Rebuilding Place in the Urban Space

"A community’s physical form, rather than its land uses, is its most intrinsic and enduring characteristic." [Katz, EPA] This blog focuses on place and placemaking and all that makes it work--historic preservation, urban design, transportation, asset-based community development, arts & cultural development, commercial district revitalization, tourism & destination development, and quality of life advocacy--along with doses of civic engagement and good governance watchdogging.

Wednesday, December 18, 2019

Airport transportation demand management in flux

The rise of ride hailing has significantly impacted airports in two ways.

First, fewer people are driving to the airport and then parking their car and racking up fees for the duration of their trip.  This has significantly reduced parking fees as a source of airport revenue.  Heretofore it had been significant ("Protecting Your Bottom Line From the “Uber Effect”," Airport Improvement and "As Uber and Lyft grow, fewer are using taxis and airport parking," Atlanta Journal-Constitution).

Second, the use of ride hailing has caused significant congestion problems, and airports in San Francisco, Boston, and Los Angeles among others, have taken  steps to direct ride hailing vehicles away from the regular arrival and departure lanes (Addressing Airport Congestion as Traffic Takes Off in the Age of Uber and Lyft, student submission, Airport Cooperative Research Program design competition)..

A new third impact is on shuttle services like SuperShuttle.

Just as taxi firms are going out of business because of the impact of ride hailing services with people using their own cars ("The Human Cost of Uber and Lyft: Life in the Dying Taxi Industry," KQED/NPR) the same is happening with airport shuttle services ("Say goodbye to those blue-and-yellow airport vans: SuperShuttle is going out of business," USA Today).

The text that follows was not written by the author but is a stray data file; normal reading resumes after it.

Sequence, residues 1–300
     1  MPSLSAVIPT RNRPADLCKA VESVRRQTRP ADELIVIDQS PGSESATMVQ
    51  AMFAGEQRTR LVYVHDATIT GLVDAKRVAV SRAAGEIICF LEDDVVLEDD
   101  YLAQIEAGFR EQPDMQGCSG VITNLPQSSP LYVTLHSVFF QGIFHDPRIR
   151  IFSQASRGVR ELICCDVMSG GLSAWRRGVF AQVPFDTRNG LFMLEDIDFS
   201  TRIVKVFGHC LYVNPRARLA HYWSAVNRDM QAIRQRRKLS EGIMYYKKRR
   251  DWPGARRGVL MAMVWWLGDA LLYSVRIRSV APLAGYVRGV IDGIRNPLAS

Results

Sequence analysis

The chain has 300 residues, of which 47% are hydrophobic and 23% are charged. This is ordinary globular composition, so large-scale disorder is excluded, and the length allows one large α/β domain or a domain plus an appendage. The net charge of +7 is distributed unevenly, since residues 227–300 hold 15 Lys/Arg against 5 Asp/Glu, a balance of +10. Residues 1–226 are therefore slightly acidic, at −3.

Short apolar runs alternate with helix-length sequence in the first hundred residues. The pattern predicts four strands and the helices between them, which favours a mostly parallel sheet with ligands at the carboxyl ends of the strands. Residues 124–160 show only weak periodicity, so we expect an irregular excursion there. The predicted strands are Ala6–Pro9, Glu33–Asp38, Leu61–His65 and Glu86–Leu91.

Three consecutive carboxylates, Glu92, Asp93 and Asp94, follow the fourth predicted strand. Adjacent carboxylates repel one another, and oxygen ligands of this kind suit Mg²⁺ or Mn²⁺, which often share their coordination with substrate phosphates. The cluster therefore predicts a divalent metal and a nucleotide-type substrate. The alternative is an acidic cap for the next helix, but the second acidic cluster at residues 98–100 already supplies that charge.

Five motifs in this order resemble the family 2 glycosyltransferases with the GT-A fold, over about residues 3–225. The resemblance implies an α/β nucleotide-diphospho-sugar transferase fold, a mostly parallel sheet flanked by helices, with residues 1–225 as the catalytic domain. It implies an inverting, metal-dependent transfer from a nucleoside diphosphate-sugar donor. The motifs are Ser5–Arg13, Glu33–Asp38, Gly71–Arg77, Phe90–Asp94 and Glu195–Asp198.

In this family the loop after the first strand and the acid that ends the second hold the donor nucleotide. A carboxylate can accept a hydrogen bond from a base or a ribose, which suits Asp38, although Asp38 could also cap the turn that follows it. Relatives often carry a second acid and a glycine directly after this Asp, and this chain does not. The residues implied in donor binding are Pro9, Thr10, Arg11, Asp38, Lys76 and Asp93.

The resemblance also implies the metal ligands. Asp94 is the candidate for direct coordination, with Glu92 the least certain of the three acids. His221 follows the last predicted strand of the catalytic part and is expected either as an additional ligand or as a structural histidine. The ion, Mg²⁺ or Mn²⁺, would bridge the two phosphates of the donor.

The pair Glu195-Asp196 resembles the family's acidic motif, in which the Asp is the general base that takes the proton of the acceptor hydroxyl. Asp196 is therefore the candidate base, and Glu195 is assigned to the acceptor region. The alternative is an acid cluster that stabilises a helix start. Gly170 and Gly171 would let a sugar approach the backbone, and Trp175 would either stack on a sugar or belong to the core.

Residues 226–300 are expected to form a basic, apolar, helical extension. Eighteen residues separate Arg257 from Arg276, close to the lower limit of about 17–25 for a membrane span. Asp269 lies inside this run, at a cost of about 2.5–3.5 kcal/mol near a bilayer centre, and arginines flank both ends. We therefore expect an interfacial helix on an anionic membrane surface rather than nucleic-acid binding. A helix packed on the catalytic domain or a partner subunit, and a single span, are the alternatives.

The company had already stopped serving certain airports like BWI in Maryland and more announcements of service cessation have just been made including airports like LAX and National Airport in Northern Virginia.

From a transportation demand management perspective, it's worse to have passengers switch from a shared van to individual vehicles, although it is definitely more convenient for the rider, even if it costs more money.



I've written about transit and airports a few times, including airports "taking more responsibility" for organizing transit service to and from the airport as well as better connections to nearby stations.

-- "Transportation demand management, transit: Los Angeles Airport (LAX) and Logan Airport, Boston," 2019
-- "London's Stansted Airport provides digital information on transit options," 2019
-- "A brief comment on ground transportation at National Airport vis a vis VRE rail service," 2016
-- "Revisiting stories: ground transportation at airports (DCA/Logan)," 2017
-- "Airports and public transit access: O'Hare Airport and the proposed fast connection from Downtown Chicago," 2018

And biking:

-- "Why not a bicycle hub at National Airport?: focused on capturing worker trips but open to all," 2017

Metro Magazine has published a report by DePaul University's Chaddick Institute on higher end shuttle services to airports, although these trips can be hundreds of miles, to provide access to larger airports serving more locations ("Premium intercity bus lines launching new airport-oriented services").  Also see this Minneapolis Star-Tribune article about such a service in Out-state Minnesota, "Shuttle between MSP and Duluth and Mankato airports to launch with $9 fares."

I have a half written piece about how Chaddick's study of high volume origin-destination data to determine gaps and opportunities in high capacity transit service over long distances ought to be the basis for longer distance railroad passenger planning.

-- Ground Transportation Gaps

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